Days passed. As they did, the demise of the felled tree in the neighboring house’s back yard became more and more apparent. The leaves turned a triumphant gold before withering to brown and wilting to the ground. The remnants of crab apples clung to the dead and dying branches, their last chance at life, withering hopelessly as they clung.
Our neighbor had died some months ago, and while the yard was still being kept, nothing was done to remove the old fallen crab apple tree from the yard for several weeks. I inspected the thing the day after it fell. During a storm, the night before, the winds had howled ominously and the rain beat the ground hard, as if the earth its self had committed some kind of terrible crime they sky could not, and would not forgive. It was no punishment for the ground, despite the violence, because the ground took in the water, practically dying of thirst from the many dry and hot days that came before the storm’s relief.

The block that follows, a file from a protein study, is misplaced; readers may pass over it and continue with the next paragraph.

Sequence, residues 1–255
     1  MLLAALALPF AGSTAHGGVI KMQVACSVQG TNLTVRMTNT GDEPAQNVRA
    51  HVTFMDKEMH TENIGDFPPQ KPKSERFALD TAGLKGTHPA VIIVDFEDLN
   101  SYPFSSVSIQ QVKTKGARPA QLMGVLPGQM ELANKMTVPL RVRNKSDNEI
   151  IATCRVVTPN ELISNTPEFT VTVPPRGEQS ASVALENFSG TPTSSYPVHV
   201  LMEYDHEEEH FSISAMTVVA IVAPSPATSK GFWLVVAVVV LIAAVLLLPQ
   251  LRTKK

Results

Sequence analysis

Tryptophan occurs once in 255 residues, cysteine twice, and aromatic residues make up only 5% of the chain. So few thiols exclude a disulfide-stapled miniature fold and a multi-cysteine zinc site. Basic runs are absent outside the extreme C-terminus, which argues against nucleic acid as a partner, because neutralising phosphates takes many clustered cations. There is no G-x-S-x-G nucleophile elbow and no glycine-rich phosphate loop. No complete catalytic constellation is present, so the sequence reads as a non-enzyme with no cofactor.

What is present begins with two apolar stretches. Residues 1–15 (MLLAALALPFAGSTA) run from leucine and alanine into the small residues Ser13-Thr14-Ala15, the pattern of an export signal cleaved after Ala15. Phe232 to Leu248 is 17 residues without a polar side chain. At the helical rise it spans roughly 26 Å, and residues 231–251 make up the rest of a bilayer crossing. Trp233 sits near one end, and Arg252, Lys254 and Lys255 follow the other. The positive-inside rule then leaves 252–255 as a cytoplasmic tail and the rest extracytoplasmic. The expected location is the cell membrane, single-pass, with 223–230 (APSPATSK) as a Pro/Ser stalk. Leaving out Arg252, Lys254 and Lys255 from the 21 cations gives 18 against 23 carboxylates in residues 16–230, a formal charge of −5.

I contemplated the dying tree as I sat with a large cup of tea in one hand, and my feet planted firmly on the freshly cut grass. How long until all things fall and die? How long did that tree stand for before it’s unexpected demise? How long had the old widow next door (who I can say I never saw nor met) lived in that house and for how long alone? I could not and cannot say. We saw the ambulance take her away, and heard from another neighbor she had passed.
She was as much a mystery to me as her death. No. As death itself.